Within the next few days, our program is holding our “individual progress meetings”. This does not mean our individual grades in each of our classes, but mid-term updates on our mental health, home stays, and how we have adjusted to life here. As I mentioned in my last post, I can’t believe that it is already March and that this is almost mid-term of our 18-week program. Also, it’s starting to get warmer (25 to 30°F instead of -7°F) and the sun is out almost every single day. When we first arrived to for program, we were told that Saint Petersburg only gets about 60 days of sun a year. I do not really believe that because there were many days where it was sunny…and snowing at the same time!

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Sunshine at 8:00 a.m.

The snow is starting to melt and it is above 0°C/32°F most days. It was raining today and you can start seeing a bit of the ground.

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Statue near Park Pobedi metro station.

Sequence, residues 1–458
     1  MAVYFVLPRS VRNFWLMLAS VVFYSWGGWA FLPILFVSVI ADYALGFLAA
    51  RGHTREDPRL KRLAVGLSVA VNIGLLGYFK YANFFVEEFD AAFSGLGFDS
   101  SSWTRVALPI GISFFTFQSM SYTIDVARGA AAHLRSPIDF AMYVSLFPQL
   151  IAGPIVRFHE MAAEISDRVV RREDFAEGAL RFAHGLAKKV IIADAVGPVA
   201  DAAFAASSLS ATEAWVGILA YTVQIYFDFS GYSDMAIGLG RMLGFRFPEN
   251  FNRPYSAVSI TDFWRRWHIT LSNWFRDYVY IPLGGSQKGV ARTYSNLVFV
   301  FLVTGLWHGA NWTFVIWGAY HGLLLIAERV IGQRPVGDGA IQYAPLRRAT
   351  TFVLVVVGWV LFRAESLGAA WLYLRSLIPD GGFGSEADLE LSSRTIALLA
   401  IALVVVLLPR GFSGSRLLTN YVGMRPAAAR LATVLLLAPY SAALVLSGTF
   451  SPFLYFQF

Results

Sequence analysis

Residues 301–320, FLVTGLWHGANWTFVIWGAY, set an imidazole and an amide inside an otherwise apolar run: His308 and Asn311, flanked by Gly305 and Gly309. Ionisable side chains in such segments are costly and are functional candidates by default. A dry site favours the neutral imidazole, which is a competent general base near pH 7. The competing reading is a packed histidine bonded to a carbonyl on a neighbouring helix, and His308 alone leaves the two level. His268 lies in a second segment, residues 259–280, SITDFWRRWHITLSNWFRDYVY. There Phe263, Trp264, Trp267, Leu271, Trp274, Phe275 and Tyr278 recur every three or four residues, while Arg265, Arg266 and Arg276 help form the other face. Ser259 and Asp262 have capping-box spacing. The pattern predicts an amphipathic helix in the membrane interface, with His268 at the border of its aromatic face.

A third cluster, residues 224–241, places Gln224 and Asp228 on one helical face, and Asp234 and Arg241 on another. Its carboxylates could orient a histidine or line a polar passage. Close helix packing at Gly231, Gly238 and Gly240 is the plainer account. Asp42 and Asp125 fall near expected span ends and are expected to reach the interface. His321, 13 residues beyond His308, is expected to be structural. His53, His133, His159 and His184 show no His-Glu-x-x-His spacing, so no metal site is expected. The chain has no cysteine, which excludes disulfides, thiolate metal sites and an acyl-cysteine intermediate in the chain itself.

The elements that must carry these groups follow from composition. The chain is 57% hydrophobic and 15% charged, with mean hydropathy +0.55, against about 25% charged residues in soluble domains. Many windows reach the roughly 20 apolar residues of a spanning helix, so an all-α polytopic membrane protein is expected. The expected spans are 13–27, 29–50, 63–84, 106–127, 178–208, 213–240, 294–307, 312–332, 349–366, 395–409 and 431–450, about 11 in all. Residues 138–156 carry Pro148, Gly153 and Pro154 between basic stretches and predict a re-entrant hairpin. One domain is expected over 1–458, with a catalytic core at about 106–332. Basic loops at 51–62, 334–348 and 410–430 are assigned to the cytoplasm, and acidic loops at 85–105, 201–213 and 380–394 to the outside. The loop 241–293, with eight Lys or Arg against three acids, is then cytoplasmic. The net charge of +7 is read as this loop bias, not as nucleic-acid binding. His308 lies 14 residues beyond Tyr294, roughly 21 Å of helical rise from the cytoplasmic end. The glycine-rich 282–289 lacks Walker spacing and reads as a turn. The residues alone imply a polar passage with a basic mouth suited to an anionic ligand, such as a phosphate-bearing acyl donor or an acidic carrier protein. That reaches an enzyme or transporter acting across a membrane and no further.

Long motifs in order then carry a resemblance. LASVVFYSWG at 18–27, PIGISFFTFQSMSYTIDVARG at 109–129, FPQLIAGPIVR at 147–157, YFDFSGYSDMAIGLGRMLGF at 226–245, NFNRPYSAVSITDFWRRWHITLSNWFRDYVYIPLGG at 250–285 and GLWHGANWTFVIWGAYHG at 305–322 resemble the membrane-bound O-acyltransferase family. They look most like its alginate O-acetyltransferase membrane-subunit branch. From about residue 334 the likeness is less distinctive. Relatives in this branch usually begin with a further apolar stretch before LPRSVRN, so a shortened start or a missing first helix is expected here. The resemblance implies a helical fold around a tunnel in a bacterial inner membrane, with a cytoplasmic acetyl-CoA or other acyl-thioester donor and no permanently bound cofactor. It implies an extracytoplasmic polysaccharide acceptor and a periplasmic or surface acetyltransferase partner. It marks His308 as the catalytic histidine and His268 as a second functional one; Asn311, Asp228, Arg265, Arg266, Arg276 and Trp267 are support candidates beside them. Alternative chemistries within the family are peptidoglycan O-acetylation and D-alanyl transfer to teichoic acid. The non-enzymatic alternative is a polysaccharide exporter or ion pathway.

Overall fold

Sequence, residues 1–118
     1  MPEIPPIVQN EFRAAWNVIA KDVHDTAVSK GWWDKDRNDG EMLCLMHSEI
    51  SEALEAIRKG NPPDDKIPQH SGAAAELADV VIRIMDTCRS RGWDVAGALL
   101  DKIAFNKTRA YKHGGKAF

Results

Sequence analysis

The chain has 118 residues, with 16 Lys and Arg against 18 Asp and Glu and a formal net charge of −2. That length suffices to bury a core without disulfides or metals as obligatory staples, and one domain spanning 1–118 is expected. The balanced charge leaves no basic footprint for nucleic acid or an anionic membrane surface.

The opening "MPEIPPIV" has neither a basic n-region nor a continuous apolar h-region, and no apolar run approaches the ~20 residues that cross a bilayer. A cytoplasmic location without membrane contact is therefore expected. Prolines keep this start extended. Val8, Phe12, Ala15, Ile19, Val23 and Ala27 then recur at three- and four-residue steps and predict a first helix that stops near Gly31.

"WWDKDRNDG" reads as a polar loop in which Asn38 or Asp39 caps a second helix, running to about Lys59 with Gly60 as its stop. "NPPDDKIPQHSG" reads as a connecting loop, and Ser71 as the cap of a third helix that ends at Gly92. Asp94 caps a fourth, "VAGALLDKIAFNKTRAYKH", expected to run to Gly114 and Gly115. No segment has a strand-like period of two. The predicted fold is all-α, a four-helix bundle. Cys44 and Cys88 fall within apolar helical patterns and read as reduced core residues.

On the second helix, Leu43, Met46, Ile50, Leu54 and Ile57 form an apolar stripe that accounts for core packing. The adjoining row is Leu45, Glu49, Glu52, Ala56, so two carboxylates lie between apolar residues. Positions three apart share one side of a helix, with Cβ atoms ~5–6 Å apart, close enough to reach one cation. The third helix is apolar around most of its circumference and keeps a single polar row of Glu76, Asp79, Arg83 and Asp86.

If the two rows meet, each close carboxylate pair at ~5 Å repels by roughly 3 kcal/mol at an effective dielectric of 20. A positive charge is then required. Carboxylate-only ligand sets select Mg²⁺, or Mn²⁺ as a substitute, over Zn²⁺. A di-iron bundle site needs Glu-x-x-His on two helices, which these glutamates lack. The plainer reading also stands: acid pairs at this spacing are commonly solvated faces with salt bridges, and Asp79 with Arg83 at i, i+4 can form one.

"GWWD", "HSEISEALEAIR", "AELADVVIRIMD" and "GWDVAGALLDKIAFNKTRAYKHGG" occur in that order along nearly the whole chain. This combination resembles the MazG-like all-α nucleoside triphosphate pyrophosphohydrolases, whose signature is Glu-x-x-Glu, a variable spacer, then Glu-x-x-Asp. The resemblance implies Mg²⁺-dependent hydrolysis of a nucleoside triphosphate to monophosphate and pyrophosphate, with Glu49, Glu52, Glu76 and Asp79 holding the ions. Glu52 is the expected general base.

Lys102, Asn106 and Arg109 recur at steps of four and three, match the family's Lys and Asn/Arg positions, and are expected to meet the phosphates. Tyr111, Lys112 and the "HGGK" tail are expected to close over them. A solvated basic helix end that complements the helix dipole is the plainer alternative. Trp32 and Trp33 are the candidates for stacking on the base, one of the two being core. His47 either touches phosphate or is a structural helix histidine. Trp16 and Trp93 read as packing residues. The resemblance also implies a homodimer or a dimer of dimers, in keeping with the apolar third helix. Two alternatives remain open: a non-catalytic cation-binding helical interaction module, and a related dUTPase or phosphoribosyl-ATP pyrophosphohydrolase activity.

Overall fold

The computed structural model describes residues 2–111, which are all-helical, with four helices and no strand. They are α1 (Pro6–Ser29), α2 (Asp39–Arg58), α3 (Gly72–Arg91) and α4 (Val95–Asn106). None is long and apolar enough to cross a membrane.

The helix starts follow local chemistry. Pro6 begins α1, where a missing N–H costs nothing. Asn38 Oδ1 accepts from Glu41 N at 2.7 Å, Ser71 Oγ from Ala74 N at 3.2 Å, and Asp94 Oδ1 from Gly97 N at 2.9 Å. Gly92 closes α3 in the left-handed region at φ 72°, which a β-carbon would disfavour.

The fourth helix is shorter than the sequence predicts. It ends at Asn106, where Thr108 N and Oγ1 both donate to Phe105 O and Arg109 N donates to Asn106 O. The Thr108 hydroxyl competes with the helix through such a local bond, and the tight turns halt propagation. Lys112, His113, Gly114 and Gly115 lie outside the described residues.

Progress is hard to be measured. I’ve been here for a few weeks and I’ve never really felt so comfortable about a place in my life. I go to school via bus. I take public transportation all the time. Everything is smooth sailing, except the occasional fights on the bus/metro during peak hours. Having an unlimited bus pass makes things a lot easier and encourages me to go out more. Sometimes I do forget that I am home and that rules in New York aren’t the same as in Russia. I noticed that in more crowded/touristy neighborhoods, people jaywalk a lot. However, in more residential areas, people wait for the full 30-90 seconds before crossing even if there are no cars on the road. A few days ago, I was in the southern part of the city for a weekend market and crossed the street diagonally. Apparently, I wasn’t allowed to cross diagonally. A police officer stopped me and told me that I was not allowed to cross the street that way. I was not really panicking, but more confused than anything. (This entire exchange was in Russian). Eventually, he asked for my documents and I handed him my spravka (letter saying I am legally allowed to be in this country, because my multi-entry visa was being processed). He was pretty confused because it’s not really a common document to come across. He ended up asking me if I could wait a minute and he brought me to his partner, who eventually told me to not do it again or else I would get a fine. It was one of those moments where I did not think about adjusting my behaviors for the host environment.